Tinned Marine Wire

Why care about tinned copper marine wire?

This comes down to another simple and basic argument. If there's a benefit to your wire installation and the cost is negligible then why wouldn't you take advantage of the extra protection?

Tinned copper is a process of electroplating the individual copper strands with tin so that each strand is totally encased in a thin tin layer that keeps corrosion and oxidation at bay. We've all seen what happens to bare copper when it is exposed to air and moisture. The beautiful bright shiny copper turns black and/or green with the buildup that forms on it's surface. That buildup can be scrubbed away however it's not a task you want to perform daily and it's not feasible to "scrub" each individual strand of your copper wire. 

Now, of course the argument can be made (has been made and surely will still be made in the future) about
non-tinned bare copper and how long it has lasted on a particular boat without a problem. Wow...that's great and we are all very happy for you :) Let's be honest here, it's like the argument where a person drinks and drives but has never been arrested or had an accident so it's not so bad, Right?

As far as the approved wire types for boats, only the cheapest SAE style wires are likely un-tinned. Of course there will even be some tinned version of those SAE wires which, while meeting the bare minimum standards for a wire installation on your boat lack in other areas with regard to copper conductor mass, insulation thickness, strand count and flexibility among other small issues. Most of the UL listed wire approved for boat use will be tinned copper as the cost for tin plated copper stranding is not that much more than the bare copper and the benefits extend far past just the marine environment into automotive and machine wiring where a desire to avoid corrosion is common. In fact..in this author's humble opinion, all copper wire should be tin plated to prevent corrosion just because it makes too much sense once you understand and see the difference with your own eyes.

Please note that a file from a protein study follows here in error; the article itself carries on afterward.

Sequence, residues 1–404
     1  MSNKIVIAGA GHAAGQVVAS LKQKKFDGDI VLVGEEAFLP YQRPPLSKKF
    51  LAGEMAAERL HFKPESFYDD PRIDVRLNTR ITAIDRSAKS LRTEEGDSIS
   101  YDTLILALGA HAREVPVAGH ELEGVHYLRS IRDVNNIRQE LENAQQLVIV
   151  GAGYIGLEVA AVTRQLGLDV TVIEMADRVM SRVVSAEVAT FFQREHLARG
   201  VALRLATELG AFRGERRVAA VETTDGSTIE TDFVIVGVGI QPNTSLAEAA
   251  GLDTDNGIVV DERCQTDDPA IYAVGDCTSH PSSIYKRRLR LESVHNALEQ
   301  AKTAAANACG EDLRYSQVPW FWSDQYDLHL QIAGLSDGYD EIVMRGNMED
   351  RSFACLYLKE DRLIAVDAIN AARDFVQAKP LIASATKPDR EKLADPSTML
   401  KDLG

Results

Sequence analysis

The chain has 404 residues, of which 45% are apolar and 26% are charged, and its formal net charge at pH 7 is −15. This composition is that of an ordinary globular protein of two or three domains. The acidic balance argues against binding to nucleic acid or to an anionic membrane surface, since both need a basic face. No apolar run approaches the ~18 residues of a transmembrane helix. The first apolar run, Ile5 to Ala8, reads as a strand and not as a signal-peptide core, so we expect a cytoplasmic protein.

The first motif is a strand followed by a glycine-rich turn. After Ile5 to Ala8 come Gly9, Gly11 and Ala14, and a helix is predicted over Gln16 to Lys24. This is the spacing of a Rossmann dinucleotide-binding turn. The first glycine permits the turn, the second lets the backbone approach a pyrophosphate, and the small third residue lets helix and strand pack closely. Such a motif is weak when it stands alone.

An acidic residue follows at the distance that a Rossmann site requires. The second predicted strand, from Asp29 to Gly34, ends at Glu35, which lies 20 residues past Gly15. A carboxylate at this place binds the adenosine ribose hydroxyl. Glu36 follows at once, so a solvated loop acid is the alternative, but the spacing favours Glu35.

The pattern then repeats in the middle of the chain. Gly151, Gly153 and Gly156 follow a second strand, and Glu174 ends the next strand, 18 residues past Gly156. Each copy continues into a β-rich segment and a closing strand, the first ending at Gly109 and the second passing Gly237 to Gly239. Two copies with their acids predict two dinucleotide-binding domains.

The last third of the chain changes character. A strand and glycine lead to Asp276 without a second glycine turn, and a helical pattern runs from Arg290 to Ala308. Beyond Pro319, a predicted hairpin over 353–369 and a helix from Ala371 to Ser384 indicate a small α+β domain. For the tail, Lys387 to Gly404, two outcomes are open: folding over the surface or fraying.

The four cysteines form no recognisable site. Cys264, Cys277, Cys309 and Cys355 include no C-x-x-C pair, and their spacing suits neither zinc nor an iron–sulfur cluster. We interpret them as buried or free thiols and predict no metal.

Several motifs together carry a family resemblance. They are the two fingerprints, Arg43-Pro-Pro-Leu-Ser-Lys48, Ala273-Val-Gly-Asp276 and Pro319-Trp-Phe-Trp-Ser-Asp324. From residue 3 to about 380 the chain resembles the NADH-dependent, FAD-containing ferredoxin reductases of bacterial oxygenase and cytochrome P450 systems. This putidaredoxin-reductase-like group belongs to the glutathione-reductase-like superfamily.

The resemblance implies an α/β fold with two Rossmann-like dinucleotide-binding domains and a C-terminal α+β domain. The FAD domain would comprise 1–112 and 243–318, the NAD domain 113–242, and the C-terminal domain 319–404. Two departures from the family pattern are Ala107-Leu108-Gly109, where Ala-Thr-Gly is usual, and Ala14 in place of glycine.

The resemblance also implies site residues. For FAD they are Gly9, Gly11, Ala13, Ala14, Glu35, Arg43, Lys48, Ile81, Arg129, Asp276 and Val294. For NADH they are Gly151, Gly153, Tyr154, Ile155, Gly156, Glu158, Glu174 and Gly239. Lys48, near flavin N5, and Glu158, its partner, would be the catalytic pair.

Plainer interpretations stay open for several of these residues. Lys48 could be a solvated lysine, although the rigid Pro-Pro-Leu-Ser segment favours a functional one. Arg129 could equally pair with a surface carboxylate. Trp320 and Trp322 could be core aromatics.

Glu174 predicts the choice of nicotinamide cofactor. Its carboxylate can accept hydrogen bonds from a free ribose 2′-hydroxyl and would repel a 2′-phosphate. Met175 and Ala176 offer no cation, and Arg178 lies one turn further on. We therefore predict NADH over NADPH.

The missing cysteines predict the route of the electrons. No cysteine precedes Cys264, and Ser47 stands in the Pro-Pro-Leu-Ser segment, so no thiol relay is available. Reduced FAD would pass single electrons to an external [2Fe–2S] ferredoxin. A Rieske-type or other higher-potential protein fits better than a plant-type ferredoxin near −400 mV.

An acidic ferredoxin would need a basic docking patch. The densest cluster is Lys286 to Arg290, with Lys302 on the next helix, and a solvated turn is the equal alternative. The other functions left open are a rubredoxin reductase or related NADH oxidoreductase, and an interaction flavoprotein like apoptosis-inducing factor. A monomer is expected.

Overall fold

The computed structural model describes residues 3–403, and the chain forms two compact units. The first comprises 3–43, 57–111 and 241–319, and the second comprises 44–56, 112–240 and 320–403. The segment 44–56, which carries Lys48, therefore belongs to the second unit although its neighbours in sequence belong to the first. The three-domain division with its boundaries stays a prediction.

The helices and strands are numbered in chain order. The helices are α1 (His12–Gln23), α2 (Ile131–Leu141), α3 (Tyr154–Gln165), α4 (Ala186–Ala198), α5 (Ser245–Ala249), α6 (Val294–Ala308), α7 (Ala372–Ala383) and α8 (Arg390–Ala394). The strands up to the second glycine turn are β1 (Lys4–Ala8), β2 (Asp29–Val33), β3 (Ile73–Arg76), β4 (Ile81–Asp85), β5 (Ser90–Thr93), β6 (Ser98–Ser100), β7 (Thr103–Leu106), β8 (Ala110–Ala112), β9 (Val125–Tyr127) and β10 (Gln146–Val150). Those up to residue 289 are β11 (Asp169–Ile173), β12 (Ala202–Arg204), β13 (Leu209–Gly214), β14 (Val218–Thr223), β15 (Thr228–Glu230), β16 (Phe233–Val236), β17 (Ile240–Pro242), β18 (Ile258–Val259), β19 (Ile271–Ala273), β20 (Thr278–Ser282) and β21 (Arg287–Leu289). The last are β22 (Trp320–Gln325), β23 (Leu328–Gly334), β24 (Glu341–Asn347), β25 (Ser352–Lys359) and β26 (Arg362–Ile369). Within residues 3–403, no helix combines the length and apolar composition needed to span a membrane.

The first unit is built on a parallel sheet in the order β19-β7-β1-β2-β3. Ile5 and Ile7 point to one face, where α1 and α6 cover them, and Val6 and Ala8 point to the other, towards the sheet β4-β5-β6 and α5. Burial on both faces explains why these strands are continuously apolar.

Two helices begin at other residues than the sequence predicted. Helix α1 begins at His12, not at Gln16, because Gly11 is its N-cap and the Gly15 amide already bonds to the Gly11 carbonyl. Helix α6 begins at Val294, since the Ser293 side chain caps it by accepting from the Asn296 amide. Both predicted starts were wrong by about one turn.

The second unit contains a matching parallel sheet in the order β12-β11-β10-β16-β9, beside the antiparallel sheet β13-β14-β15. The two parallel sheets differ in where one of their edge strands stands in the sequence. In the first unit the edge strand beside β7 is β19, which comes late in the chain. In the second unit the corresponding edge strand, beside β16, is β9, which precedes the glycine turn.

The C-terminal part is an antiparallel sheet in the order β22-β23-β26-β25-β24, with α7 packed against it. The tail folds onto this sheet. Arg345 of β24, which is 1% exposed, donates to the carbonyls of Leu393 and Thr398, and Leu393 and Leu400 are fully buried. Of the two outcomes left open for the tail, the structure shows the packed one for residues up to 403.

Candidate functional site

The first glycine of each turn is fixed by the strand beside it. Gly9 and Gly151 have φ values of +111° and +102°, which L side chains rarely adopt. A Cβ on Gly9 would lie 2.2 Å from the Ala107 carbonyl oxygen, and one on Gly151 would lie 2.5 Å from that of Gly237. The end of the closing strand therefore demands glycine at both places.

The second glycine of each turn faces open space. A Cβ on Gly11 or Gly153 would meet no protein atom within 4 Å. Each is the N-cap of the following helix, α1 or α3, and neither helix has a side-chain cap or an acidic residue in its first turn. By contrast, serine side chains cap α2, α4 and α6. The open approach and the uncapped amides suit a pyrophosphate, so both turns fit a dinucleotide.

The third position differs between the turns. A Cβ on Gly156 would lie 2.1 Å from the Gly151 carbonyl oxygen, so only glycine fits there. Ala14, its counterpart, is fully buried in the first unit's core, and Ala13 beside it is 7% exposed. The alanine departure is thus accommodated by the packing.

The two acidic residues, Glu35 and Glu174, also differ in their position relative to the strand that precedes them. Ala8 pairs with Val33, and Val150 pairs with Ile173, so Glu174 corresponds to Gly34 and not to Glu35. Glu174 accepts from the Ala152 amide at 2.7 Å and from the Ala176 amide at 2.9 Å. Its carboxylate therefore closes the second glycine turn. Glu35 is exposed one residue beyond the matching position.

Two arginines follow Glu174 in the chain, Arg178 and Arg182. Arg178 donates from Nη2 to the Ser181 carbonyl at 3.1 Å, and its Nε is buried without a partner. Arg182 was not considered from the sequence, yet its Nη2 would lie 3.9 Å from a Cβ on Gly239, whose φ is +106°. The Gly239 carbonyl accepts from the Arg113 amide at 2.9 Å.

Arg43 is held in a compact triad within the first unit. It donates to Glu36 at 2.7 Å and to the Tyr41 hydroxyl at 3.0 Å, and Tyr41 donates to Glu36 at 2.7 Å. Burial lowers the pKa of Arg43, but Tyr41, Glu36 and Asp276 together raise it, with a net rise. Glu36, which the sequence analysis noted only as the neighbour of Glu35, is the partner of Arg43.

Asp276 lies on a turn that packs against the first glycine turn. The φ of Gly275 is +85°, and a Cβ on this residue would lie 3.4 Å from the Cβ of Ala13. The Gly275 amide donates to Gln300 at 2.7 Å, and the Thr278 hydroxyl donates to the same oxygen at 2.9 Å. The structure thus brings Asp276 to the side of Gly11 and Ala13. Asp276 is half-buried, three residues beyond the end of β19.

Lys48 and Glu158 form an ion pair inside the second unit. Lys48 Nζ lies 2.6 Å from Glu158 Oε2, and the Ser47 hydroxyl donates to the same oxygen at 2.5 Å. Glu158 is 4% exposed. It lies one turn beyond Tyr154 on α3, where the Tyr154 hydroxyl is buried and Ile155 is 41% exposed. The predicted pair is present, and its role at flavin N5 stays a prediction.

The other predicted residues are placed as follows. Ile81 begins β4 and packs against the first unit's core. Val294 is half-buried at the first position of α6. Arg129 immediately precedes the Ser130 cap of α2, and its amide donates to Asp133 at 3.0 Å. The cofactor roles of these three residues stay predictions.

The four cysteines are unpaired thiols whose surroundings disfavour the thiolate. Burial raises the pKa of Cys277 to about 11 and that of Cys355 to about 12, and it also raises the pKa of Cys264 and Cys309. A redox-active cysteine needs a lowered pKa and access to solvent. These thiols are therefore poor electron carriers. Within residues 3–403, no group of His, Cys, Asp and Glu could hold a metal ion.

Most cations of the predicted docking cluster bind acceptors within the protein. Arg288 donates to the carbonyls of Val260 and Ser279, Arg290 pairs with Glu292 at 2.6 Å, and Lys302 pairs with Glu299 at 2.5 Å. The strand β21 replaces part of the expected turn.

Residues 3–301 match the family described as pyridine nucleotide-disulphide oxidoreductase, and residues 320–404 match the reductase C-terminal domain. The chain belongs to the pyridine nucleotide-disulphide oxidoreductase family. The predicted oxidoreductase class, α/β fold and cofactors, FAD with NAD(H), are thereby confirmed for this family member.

One of the many ironical arguments surrounding the sorts of folks who'll defend bare copper as "okay" is those same people are the ones using solder to made connections instead of crimping. Solder will adhere much better to tin plated copper strands. In fact, the correct process to dip solder bare copper stranded wire into a connector is to first dip the strands into the solder in order to tin the strands and then dip a second time to achieve better adhesion. 

So beware...and try to side on the side of logic and reason. If you're looking for a quality wire for your boat you'll likely want a tinned wire and that wire would likely be UL1426 listed Boat Cable meeting and exceeding all recommended specifications set forth by the US Coast Guard and ABYC.